At the time, this “pitstop” analogy was used, another economist (commenting on the same paper) said that the “lack of a spike up in employment after a recession hurts the pitstop metaphor since after a pitstop people get going right away.”
Further, George Perry (in the same commentary) argued that:
during recessions many people switch from long-duration jobs to temporary jobs, resulting in a greater proportion of the work force in short-duration jobs. If the amount of job creation and destruction is relatively constant in the temporary jobs, then the destruction is taking place in the long-duration jobs. This view provides a harsher picture of what happens during a recession than one would get if the change in job composition were ignored.
This is consistent with the view that recessions are deeply inefficient events not akin to a new birth.
cheers, good to know
Yep. Georgist economics is already popular here.
Dude, preaching and choirs.
I am not saying recessions are good.
I’m pointing out a practical reality, that has policy, timing and strategy implications for PPAU.
If a recession is likely to happen (we don’t have anything like the influence to change this), and higher than usual job fallout is likely at such times, then there is a timely opportunity for us to start looking like part of the solution.
On that note I’ve watched a new Bill Mitchell MMT presentation he made to a political party in NZ recently, as well as a radio interview on RadioNZ. Worth watching to get insight into how a JG would be “funded”:
@alexjago in the spirit of NABBB (not another big bloody bureaucracy) and totally out of left field, I am starting to think about how can we guarantee livelihoods for all (Universal Basic Income at XX% above poverty line) and remove all pensions and associated bureaucracies, and secondly of a Job Guarantee Rebate (enough to take UBI + JGR to the minimum wage ) to any organisations that offers permanent employment, either part time or full time, as a tax deduction. This way the jobs follow where the work is, organically. The unions may say, but that will turn us into a wage slave class! I would respond that employees become more valuable in a thriving economy, especially when they have skills that are in demand. I suspect the for profit, as well as not for profit find such an arrangement appealing. I also suspect that more worker co-operatives would emerge. It may even permit the craft class to survive and thrive. Will it put pressure on resources? Not sure…some modelling might help. But a model is only as good as the underpinning assumptions. My response to the inflation fear…clearly there is a large pool of under utilised people, so we are a long way from a ‘wage’ escalation. Material resources? Don’t have an answer there. Increased worker incomes may drive a noticeable demand in consumables - food, alcohol, etc - but that would be all. I suspect that a distributive UBI+JGR economy would increase the number of services and products that are based largely on labor input eg services (childminding, housecleaning, gardening, environmental work, nursing homes, social services etc) and craft, culture and art work.
Another thought bubble, my thoughts only…just as capitalism could be considered the shift of power from the elite royalty/peerage class to the business class, perhaps this shift from centrally concentrated systems to distributed systems could herald the shift of power from the capital class to citizens. Just some musings over coffee.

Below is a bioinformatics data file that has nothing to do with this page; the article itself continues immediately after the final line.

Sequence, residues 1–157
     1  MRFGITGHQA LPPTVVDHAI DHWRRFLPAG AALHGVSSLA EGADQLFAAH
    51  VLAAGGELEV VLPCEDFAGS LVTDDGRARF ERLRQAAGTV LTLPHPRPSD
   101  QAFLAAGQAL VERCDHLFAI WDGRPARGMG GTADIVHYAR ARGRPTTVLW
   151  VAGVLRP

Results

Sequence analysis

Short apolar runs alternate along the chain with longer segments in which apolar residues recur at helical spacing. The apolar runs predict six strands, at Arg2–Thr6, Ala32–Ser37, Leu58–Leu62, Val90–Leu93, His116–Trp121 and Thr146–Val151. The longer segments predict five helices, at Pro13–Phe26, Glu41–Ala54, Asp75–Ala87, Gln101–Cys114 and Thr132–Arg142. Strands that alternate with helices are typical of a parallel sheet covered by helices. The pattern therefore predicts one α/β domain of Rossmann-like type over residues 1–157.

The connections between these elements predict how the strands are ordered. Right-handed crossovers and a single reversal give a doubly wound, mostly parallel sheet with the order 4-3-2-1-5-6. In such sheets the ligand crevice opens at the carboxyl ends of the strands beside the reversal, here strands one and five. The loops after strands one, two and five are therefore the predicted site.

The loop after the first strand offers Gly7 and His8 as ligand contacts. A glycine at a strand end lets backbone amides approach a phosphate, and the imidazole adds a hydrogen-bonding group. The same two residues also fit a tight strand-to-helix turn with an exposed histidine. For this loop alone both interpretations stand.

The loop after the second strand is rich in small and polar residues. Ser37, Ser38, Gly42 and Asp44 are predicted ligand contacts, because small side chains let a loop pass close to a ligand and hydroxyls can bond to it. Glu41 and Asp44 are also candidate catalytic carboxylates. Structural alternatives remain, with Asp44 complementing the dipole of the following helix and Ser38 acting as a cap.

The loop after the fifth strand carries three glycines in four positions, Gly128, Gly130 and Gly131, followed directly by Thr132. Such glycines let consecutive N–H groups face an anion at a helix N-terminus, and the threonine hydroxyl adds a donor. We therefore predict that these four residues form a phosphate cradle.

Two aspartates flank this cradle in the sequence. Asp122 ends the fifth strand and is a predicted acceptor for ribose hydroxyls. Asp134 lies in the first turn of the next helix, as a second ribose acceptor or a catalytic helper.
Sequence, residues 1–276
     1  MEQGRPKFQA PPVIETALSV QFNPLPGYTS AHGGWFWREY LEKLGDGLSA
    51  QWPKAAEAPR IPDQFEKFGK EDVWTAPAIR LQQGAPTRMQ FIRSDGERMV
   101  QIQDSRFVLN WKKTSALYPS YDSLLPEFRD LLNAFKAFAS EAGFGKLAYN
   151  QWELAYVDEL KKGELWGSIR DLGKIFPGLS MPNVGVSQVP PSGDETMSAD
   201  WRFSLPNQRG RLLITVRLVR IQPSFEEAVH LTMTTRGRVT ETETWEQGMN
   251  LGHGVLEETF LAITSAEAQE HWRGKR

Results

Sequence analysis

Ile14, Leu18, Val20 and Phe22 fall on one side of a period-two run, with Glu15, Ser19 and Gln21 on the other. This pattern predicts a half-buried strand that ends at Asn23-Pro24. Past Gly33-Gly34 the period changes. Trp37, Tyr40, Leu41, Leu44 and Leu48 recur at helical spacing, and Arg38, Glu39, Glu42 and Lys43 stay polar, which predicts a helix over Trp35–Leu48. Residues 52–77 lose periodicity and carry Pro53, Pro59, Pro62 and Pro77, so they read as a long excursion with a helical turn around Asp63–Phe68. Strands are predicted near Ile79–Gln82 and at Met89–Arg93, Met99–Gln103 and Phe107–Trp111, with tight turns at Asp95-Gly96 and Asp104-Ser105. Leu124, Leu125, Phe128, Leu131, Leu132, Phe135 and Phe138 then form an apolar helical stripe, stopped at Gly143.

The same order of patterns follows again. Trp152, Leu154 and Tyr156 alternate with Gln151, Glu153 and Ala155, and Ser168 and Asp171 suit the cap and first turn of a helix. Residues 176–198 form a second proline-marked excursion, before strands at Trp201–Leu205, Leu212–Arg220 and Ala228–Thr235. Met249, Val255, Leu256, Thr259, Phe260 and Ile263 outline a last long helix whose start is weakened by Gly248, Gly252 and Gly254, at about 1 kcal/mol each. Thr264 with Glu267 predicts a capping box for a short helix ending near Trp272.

If JG were implemented as a rebate to private employers, then they would just treat that as a way to employ people to do work without the usual costs or employment regulations.
By contrast, JG as an independent directly funded government initiative acts similarly to a minimum wage in that workers would require better pay and/or opportunities than the JG to be offered by a potential employer, or else they would just stay on the JG.
Exactly, on point Andrew. We can’t subsidise private for profit firms under the program, otherwise technically speaking anyone can enter the JG and then walk into their job with the wage subsidy on top of their existing wage, which goes on across the entire economy. No modelling or design of Job Guarantees proposals advocate for this. In fact generally speaking the evidence is heavily stacked against the use of wage subsidies for private employment.
The reason not-for-profit service providers are potentially includable is they run on volunteers to provide what ineffect are public services the government has outsourced to the charitable sector. Simply acknowledging this work with pay for services render technically indirectly incorporates them into de facto public sector employment, but with the operations/management handeled by external third parties.
That said the details of how a NFP qualifies to receive these JG wage reimbursements is an important question. It might be something a citizen’s jury should evaluate. I’d have to read more into the details of JG policy designs to specify how NFP incorporation and reimbursement would function. There is a danger in running off with modifications and alternative designs that have not been rigerously developed and/or piloted, since we are then proposing something fundamentally different which could have unforeseen perverse outcomes.